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balances to a new card with a low introductory interest rate, doing so will lower your credit score. So if you are interested in keeping your credit score strong for a home purchase, delay the balance transferring strategy.) 4) New Credit (10% of your score is based on this category) Opening a number of credit accounts in a short period of time indicates a greater credit risk, especially for someone who does not have an established credit history. 5) Types of Credit in Use (10% of your score is based on this category) The score takes into account the types of credit you have: credit cards, retail accounts, installment loans, finance company accounts and mortgage loans. Type of credit is not necessarily a major factor in determining your score. You don’t need to have accounts in each category. Ways to Raise Your Credit Score A credit score is just a snapshot of your credit risk at that point in time. Your credit score is not static and will change over time due to the factors listed above. Therefore your credit score can go up or down depending on how you continue to manage your credit from this point forward. Your most recent credit decisions will have the most impact on your score. In other words, your credit history in the last year is weighed more heavily than information from three years ago. The following are actions you can take to improve your credit score: Pay your bills on time. Bring your past due accounts current. Keep your revolving credit balances low. If you have just recently established credit, don’t open a number of new accounts. (This will lower your average account age.) • Managing your credit responsibly is key in raising your score. Having credit cards and installment loans and paying them on time will improve your score. (Don’t open new accounts just to change your credit mix.) • If you are shopping for a home loan or car • • • • loan, do so within a two-week period of time. The score will count all the credit inquiries for a particular type of loan within that period as one inquiry. • Reestablish your credit history if you have had credit problems. Opening new accounts responsibly and making your payments on time will help to raise your score over time. What about Inquiries? An inquiry is a request to check your credit report for the purposes of extending you credit. Too many inquiries can lower your score. A lender is concerned if you have applied for too much credit and your existing credit cards have maximum balances. However, multiple mortgage loan or car loan inquiries within a 14-day period are counted as one inquiry. FICO scores only consider inquiries from the past 12 months. An inquiry from a consumer requesting his/her own credit report is not counted negatively since it does not indicate that you are looking to take on more credit. What Does Your Score Mean? When the lender receives your FICO score, they also are given up to four score reason codes, which explain the main reasons your score was not higher. According to Fair Isaac, the top 10 most commonly given reasons (score reason codes) for low scores are: • Serious delinquency • Serious delinquency, and public record or collection filed • Derogatory public record or collection filed • Time since delinquency is too recent or unknown • Level of delinquency on account • Number of accounts with delinquency • Amount owed on accounts • Ratio of balances to credit limits on revolving accounts is too high • Length of time accounts have been established • Too many accounts with balances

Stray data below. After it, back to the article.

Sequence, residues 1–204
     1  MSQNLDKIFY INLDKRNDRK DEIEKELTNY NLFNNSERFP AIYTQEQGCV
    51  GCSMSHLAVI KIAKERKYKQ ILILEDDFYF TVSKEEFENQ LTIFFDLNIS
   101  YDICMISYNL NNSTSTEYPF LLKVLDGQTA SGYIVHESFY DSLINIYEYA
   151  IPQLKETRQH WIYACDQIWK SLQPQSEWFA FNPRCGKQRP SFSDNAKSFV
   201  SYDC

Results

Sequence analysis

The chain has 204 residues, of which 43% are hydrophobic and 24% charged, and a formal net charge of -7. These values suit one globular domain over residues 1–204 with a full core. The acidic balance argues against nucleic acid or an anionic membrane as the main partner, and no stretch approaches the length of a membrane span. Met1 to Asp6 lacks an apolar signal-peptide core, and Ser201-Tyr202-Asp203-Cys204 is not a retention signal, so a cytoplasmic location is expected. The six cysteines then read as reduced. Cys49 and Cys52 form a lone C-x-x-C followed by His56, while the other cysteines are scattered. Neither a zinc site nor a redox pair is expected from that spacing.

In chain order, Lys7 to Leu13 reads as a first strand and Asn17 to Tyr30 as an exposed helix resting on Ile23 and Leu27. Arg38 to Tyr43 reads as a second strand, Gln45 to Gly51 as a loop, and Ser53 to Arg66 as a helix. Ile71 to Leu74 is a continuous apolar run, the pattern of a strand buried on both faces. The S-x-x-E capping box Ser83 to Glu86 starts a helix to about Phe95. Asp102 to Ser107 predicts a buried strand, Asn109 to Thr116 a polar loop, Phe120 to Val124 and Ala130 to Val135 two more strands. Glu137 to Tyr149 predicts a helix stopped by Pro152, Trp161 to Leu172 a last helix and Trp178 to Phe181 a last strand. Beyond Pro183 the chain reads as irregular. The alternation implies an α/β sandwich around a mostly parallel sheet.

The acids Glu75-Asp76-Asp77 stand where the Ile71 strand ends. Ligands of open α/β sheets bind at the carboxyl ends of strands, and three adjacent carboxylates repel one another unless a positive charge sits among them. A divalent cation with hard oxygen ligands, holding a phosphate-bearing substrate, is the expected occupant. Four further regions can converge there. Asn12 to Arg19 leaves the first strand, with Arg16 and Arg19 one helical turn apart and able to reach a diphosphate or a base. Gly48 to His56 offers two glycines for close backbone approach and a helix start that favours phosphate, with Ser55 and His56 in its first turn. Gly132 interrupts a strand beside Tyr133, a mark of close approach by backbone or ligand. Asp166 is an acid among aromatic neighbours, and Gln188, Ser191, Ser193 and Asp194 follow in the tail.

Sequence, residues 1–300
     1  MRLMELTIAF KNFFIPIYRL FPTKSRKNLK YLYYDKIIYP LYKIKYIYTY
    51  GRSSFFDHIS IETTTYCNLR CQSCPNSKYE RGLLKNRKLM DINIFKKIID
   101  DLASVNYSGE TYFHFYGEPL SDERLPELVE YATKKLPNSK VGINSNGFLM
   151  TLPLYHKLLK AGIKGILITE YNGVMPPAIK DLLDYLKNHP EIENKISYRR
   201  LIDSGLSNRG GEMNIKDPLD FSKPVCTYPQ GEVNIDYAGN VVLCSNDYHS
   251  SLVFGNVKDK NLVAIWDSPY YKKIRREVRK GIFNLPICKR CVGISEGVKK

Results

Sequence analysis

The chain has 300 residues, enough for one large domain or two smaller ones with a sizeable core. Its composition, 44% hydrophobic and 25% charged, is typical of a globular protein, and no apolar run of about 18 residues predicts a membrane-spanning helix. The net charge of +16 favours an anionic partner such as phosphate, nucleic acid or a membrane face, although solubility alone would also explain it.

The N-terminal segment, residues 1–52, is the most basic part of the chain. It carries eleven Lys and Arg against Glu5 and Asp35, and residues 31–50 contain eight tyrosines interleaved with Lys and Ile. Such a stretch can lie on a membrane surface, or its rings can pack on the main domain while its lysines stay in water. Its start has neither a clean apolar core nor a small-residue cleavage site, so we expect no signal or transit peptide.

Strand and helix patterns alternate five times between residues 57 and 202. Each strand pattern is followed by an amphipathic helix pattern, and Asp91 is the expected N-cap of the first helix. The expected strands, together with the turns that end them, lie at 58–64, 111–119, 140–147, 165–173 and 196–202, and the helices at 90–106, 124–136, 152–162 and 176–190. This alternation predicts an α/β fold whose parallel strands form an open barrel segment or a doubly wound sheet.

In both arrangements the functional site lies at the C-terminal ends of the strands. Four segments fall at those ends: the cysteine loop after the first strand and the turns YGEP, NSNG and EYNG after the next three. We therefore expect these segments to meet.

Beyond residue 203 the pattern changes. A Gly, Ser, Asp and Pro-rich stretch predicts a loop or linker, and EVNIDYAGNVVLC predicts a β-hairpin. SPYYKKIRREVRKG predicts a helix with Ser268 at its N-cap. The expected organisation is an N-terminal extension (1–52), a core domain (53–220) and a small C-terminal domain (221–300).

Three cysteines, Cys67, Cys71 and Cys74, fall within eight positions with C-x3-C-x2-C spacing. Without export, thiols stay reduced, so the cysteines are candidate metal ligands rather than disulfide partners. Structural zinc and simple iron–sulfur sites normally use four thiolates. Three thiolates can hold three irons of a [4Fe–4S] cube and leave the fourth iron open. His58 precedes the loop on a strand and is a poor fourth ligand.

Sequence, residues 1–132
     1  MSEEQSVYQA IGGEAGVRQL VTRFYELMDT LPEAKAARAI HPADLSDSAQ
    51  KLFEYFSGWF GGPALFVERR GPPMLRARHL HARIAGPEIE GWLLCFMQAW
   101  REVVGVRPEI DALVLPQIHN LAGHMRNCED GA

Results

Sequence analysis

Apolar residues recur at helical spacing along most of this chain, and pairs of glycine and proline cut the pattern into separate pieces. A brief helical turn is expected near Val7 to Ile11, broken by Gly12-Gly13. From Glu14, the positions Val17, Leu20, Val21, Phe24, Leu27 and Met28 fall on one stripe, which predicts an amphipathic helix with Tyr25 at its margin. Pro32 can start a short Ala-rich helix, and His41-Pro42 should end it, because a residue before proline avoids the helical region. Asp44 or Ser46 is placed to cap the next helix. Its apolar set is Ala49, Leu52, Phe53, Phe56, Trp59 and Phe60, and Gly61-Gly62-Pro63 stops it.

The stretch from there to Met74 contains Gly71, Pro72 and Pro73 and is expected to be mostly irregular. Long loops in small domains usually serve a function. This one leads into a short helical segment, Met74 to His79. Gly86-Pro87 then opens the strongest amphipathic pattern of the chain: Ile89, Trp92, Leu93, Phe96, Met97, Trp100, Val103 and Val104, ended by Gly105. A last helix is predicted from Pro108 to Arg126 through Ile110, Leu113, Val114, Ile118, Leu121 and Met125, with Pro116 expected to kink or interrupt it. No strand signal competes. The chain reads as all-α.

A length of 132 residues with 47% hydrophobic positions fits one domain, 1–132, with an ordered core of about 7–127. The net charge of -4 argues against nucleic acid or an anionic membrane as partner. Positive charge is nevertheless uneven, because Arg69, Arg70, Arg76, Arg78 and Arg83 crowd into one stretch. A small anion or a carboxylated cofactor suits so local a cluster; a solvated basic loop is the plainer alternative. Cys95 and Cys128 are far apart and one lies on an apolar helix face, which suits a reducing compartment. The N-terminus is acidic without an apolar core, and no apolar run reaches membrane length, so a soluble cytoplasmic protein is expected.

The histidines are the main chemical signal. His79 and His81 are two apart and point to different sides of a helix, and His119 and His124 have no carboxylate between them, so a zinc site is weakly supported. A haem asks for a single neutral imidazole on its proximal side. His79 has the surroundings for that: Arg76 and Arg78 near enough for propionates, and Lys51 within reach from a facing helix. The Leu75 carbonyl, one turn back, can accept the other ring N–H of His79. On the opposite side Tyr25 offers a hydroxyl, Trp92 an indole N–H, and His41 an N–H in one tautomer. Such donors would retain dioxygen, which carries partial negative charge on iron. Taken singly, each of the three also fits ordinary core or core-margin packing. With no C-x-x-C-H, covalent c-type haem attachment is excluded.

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posted:11/1/2009